Crossed Up Corolla Gets More Efficient
Toyota offers a hybrid powertrain in just about everything they make, so it did seem odd that last year, when they debuted an all-new SUV version of their long-time best-selling Corolla, a hybrid was nowhere to be found. Well, it didn’t take long for Toyota to correct that situation, delivering this Corolla Cross Hybrid for 2023.
With prices for everything seemingly going up daily, we can all use a little more cost efficiency in our lives. That’s a mission that Toyota has been undertaking for some time now and continues to do it with this 2023 Toyota Corolla Cross Hybrid.
The Alabama-built Corolla Cross arrived just last year as Toyota’s attempt to bring their best-selling nameplate into the SUV era, and give them an additional entry into the most popular automotive segment going right now, small crossovers.
There are some RAV4 styling cues here, but the Corolla Cross is mostly its own deal, and the Hybrid is more than just a fuel efficient option, it has added performance too. So, it’s offered only in Toyota’s S line of trims S, SE, and XSE, where the standard Corolla Cross is available in base L, LE, and XLE.
There are some differences outside, most notably unique front and rear fasicas; the front with a much more aggressive look, with larger grille and blacked-out trim.
Black trim and logos in back too, along with a redesigned bumper; plus, you can optionally go 2-tone by adding black paint to the roof.
Great packaging has it feeling roomier inside than most small 5-seat utes, straddling the line between subcompact and compact. And seats are way more comfortable than your typical urban-minded utility.
In fact, the entire interior feels quite upscale, and the layout will be very familiar to those stepping up from an actual Corolla.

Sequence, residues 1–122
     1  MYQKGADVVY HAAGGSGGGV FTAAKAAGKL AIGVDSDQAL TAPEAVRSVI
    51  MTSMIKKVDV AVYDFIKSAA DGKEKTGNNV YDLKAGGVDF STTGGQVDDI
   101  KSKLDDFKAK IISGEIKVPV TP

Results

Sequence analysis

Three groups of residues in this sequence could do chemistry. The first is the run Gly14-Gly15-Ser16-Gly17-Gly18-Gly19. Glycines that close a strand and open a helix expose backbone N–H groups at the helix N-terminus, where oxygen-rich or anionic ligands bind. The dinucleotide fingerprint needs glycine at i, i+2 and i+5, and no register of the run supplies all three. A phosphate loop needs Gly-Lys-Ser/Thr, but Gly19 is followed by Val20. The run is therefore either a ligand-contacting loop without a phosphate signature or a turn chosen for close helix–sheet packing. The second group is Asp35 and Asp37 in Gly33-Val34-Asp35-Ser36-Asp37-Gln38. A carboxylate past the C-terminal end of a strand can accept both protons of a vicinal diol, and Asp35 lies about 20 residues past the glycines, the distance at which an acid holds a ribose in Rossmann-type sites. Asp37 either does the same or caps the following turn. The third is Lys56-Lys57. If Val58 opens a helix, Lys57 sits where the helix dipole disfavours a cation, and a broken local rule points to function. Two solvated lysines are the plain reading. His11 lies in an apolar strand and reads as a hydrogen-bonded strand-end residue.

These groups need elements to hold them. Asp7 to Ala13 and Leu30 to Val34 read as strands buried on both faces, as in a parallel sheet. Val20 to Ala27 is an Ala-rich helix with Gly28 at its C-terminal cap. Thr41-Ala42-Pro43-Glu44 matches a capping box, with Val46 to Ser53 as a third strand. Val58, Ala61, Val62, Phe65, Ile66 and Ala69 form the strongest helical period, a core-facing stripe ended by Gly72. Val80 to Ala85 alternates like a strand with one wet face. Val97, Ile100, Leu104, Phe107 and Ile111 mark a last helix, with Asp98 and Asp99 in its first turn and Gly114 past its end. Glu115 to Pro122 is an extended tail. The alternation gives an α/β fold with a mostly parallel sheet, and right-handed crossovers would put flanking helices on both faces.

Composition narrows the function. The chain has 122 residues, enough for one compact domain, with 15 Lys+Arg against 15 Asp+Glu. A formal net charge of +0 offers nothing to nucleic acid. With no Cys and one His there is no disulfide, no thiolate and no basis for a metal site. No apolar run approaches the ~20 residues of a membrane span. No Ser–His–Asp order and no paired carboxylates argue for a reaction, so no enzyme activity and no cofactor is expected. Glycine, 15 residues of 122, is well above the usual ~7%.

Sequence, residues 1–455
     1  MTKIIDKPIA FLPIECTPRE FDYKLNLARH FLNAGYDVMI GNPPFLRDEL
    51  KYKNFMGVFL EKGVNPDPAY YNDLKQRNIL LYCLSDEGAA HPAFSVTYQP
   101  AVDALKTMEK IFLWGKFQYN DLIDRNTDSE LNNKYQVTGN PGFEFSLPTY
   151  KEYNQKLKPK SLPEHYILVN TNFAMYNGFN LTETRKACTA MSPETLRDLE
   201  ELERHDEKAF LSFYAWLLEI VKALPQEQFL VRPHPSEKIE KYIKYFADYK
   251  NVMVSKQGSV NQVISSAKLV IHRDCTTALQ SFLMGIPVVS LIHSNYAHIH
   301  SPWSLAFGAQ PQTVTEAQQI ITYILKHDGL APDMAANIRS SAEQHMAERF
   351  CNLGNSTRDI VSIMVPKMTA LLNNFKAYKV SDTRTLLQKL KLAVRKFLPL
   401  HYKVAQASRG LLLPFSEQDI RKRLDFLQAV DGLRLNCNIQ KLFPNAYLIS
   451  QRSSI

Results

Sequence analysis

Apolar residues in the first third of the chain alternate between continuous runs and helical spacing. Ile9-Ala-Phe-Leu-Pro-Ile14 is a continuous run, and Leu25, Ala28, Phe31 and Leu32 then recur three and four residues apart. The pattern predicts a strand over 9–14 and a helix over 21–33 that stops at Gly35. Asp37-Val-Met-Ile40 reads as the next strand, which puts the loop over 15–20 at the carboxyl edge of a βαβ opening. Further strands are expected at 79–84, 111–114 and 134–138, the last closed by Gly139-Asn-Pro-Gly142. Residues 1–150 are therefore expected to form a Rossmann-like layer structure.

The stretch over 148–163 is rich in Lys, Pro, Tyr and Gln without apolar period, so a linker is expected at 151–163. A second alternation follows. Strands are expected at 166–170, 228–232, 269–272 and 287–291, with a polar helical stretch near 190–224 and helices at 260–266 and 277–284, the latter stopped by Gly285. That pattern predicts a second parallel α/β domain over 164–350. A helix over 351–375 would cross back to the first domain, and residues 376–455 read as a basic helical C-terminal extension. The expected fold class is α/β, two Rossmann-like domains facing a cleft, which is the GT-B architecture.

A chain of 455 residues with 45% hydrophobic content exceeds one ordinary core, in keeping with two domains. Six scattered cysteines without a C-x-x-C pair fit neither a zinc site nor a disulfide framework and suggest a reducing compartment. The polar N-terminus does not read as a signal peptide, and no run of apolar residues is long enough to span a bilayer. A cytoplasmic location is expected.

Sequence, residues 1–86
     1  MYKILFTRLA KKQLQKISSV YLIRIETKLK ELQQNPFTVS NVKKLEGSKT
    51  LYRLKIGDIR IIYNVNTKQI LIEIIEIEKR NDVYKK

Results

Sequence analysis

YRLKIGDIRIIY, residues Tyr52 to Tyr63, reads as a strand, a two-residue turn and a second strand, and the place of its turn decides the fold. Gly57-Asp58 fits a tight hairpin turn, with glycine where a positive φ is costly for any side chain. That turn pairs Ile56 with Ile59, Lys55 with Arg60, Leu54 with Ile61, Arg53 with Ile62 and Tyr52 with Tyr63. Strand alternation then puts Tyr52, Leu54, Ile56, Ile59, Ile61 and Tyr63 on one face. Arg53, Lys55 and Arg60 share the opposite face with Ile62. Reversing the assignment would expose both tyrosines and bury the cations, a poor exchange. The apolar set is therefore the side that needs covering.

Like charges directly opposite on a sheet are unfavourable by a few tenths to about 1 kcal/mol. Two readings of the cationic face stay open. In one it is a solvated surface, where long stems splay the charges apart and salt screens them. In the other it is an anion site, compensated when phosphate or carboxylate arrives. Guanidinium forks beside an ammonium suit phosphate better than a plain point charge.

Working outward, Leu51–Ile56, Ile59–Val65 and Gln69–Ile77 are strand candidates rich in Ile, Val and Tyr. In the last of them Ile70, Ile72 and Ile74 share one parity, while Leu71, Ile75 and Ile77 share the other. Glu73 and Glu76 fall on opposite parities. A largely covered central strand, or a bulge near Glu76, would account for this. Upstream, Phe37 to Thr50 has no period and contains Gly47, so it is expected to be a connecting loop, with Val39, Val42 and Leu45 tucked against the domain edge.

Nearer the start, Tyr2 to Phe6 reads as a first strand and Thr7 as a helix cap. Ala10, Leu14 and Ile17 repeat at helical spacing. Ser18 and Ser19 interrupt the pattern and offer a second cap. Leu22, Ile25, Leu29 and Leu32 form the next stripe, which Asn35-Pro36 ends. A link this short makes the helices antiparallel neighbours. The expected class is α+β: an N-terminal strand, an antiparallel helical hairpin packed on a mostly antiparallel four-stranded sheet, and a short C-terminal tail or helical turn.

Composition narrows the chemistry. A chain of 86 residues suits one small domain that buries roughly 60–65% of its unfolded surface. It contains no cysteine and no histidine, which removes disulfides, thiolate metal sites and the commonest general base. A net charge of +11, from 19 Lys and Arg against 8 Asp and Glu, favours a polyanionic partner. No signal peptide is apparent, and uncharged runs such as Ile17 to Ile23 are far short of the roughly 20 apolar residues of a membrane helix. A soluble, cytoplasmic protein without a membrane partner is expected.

Those who put off buying a Corolla Cross until now will be rewarded with upgraded infotainment, as all Hybrid’s will come with Toyota’s latest 8-inch touchscreen multimedia system standard.
The Hybrid’s small battery is located under the rear seat, so there’s minimal loss of rom, with a good 21.5 cubic-ft. of cargo space available; expanding to 61.8 with rear seatbacks folded.
Getting to the heart of the matter, the Corolla Cross Hybrid’s fuel-sipping ways are courtesy of the 5th generation of Toyota’s Hybrid System which outputs a combined 196-horsepower through its trio of electric motors and naturally-aspirated 2.0-liter 4-cylinder gasoline engine. One of those motors operating strictly the rear axle for standard all-wheel-drive.
At our test track, there was a nice little chirp of the tires off the line, but that’s where the excitement ended.
So while a 7.5-second trip to 60 may not raise your blood pressure, it’s a full 3-seconds quicker than the standard Corolla Cross we tested last year. We’ll take that!
CVT automatic means engine revs and engine noise both hang relatively high throughout the whole ¼-mile, which took us 15.6-seconds to complete, finishing at a reasonable 90 miles-per-hour.
The Hybrid also gets a “sport-tuned” suspension, and indeed it felt light and nimble through our cone course, very neutral too, with no noticeable understeer or oversteer. Steering was light but still provided good feedback. With some grippier tires, this would certainly give the best handlers in the segment a run for their money.
But the real reward comes in Government Fuel Economy Ratings which are 45-City, 38-Highway, and 42-Combined. We averaged a great 43.3 miles-per-gallon of Regular; that’s a 40% increase over the 30.9 miles-per-gallon we averaged in the standard Corolla Cross last year.
But, that does come at a cost, though it’s difficult to make direct comparisons with separate trim families, but pricing starts at $29,320 for the Hybrid, about 3-grand over a base all-wheel-drive non-hybrid. Top XSE comes in at $32,400.
As influential as Toyota is in spreading the hybrid doctrine, it was indeed odd that the Corolla Cross arrived last year without a hybrid option. Smartly, it didn’t take them long to right that wrong, as it was always part of the plan, and the Corolla Cross has benefitted from it greatly. The 2023 Toyota Corolla Cross Hybrid is not just more efficient, it’s more capable, and a much better small utility all around.
- Engine: 2.0-liter 4-cylinder
- Horsepower: 196
- 0-60 mph: 7.5-seconds
- MW Fuel Economy: 43.3 MPG (Regular)
- Transmission: e-CVT
- Torque: 139 lb-ft
- 1/4 Mile: 15.6-seconds at 90 mph
- EPA: 45-City, 38-Highway, and 42-Combined